ROLLERS FOR A TIGHT BOND.

THEY WET THE BRIM PIECE
SEVERAL TIMES

TO MAKE IT MORE PLIABLE.

THEN THEY STAMP IT

WITH THE DESIGN USED
BY THIS COMPANY SINCE 1846.

BUT FIRST,
A WORKER INSERTS A WIRE

THAT WILL GIVE THE BRIM
SOME STRUCTURAL SUPPORT,

THEN A TEMPORARY PLASTIC COVER

AND A LID TO ENSURE
AN EVEN SPREAD OF PRESSURE

ACROSS THE BRIM.

SHE STUFFS THE EDGES
OF THE LEATHER INSIDE

BEFORE THE PRESS APPLIES 10 TONS
OF FORCE TO IMPRINT THE DESIGN.

NEXT, A WORKER SEWS THE SKULL
TO THE BRIM.

HE REMOVES THE EXCESS LEATHER
AT THE BASE OF THE SKULL...

...AND CUTS OUT
THE CENTER OF THE BRIM.

THEN HE REMOVES
THE PLASTIC MOLD.

TO SEAL THE LEATHER,

THEY DIP THE HATS IN A VAT
OF HOT ROSIN,

A TYPE OF TREE SAP.

AFTER 55 MINUTES,

THEY REMOVE THEM
AND LET THEM DRY

AT ROOM TEMPERATURE
FOR EIGHT WEEKS.

THIS SLOW-DRYING PROCESS

MAKES THE LEATHER
ABOUT AS HARD AS WOOD.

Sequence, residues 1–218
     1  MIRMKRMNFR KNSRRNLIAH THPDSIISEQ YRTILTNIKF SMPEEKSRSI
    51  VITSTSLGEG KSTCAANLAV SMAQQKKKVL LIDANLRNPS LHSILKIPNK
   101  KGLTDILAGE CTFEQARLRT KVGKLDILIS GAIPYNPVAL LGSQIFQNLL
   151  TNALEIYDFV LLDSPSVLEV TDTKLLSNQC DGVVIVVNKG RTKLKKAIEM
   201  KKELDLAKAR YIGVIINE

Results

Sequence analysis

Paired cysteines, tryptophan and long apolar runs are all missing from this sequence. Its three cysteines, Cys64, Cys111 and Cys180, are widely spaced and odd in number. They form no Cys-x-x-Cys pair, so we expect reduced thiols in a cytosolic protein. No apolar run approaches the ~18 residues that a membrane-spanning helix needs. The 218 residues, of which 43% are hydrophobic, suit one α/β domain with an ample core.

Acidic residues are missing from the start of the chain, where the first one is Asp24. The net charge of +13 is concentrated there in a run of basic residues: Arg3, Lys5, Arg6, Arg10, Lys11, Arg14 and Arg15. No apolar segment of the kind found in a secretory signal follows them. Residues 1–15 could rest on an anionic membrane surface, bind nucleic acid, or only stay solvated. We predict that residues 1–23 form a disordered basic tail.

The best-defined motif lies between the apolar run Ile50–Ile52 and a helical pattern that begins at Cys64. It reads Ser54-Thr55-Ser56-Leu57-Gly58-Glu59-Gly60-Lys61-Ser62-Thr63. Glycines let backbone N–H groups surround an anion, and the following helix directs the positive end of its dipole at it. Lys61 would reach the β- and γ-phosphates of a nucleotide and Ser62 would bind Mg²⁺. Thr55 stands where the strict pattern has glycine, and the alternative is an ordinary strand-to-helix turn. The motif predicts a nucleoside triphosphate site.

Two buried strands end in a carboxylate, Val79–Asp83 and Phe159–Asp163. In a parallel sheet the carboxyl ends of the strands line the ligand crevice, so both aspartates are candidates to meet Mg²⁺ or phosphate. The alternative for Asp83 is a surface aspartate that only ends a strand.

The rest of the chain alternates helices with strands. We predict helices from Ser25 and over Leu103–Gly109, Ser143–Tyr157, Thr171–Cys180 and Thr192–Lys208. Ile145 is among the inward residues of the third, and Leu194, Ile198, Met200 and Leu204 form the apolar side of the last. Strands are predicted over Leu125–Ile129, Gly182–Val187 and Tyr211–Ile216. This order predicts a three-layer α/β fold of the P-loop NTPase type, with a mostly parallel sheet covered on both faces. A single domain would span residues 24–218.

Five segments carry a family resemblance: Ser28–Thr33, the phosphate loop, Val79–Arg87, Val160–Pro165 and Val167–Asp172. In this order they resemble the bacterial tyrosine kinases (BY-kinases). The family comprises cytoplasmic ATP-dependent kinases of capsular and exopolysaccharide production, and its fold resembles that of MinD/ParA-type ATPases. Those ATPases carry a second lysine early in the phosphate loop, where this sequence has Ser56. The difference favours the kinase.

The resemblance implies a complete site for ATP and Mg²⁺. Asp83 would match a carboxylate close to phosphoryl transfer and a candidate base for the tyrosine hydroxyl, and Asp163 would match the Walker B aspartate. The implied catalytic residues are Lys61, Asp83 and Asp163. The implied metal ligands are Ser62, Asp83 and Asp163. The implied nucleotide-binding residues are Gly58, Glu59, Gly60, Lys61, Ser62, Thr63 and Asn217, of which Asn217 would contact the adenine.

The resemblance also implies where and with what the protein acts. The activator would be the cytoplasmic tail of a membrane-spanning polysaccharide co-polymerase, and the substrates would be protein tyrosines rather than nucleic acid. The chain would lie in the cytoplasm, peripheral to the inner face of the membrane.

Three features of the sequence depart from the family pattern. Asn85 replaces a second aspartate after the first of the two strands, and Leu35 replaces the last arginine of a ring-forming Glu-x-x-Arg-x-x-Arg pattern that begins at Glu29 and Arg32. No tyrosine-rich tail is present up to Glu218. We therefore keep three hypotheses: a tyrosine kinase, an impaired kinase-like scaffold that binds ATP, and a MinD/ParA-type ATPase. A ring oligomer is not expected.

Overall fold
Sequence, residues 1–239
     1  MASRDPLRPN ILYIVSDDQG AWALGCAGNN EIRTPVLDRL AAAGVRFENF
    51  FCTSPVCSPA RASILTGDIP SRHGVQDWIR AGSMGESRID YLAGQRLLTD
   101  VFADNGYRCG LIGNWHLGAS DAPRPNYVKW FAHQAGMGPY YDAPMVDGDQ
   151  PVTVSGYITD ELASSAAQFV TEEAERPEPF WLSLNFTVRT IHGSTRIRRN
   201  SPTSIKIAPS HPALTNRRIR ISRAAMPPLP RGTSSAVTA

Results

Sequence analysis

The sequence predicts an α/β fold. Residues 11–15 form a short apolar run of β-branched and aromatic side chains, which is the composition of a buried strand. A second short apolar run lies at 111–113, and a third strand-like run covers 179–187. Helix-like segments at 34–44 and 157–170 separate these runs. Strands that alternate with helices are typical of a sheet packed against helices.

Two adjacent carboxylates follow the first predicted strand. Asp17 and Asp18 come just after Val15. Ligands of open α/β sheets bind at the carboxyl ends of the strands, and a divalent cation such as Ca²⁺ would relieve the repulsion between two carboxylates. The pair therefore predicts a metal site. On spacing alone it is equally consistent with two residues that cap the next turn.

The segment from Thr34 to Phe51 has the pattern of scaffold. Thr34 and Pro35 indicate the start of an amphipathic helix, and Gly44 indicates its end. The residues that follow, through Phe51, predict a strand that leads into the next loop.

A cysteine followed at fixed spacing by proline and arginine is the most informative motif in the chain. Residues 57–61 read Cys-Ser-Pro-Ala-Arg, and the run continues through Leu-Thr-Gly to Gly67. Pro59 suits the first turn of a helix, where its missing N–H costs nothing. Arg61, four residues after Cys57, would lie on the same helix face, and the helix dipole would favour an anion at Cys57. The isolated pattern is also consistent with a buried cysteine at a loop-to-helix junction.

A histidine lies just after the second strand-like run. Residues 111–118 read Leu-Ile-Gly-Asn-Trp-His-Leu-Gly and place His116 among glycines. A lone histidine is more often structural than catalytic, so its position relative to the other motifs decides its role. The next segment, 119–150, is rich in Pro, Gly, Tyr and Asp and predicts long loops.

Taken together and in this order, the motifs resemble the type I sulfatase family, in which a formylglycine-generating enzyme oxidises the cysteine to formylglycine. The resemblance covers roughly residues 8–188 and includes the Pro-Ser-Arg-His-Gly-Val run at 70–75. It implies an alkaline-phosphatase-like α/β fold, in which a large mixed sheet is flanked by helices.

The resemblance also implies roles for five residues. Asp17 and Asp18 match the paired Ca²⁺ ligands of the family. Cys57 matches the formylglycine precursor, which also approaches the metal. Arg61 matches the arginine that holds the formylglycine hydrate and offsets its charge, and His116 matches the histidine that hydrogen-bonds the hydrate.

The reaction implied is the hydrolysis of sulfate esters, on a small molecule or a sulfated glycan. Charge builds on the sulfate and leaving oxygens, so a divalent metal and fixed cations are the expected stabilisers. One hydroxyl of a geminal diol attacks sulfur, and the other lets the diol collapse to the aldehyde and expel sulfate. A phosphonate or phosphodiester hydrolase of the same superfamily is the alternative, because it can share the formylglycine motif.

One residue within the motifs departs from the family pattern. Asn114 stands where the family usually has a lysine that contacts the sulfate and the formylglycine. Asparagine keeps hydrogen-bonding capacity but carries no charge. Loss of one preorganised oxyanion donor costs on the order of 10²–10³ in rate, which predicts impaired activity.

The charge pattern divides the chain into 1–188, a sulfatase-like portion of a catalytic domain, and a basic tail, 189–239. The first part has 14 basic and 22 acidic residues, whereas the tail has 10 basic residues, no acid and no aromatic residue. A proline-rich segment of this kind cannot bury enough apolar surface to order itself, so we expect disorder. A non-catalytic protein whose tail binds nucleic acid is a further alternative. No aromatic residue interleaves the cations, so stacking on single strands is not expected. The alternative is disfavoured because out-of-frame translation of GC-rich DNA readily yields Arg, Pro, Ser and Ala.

DRYING IT MECHANICALLY
WOULD MAKE IT BRITTLE.

NOW FOR THE INSIDE.

THEY INSERT A PLASTIC CAP
TO REINFORCE THE STRUCTURE.

THE FIT IS INTENTIONALLY TIGHT,

SO THEY USE A MALLET
TO TAP IT INTO PLACE.

INSIDE THAT
THEY ADD ANOTHER PLASTIC CAP

WITH NYLON STRAPS TO RESIST
THE IMPACT OF FALLING OBJECTS.

HERE A WORKER USES
AN ACETYLENE TORCH

TO BURN OFF ANY LOOSE THREADS
AND SOFTEN THE LEATHER

IN ORDER TO BEND THE BRIM

AND STRAIGHTEN
THE RIDGES LATER ON.

TURNING UP THE SIDES
IS BASICALLY FOR AESTHETICS,

BUT THE LONGER EDGE IN THE BACK

IS TO DIRECT WATER
AWAY FROM THE NECK.

AFTER ADDING A SYNTHETIC,
FIRE-RETARDANT LINER,

HE SANDS THE OUTER SURFACE
TO PREP IT FOR PAINTING.

FIRST, A FIRE-RETARDANT
CHEMICAL PRIMER.

THEN THEY USE
A SEMIGLOSS LATEX PAINT

IN FIREFIGHTER'S BLACK OR WHITE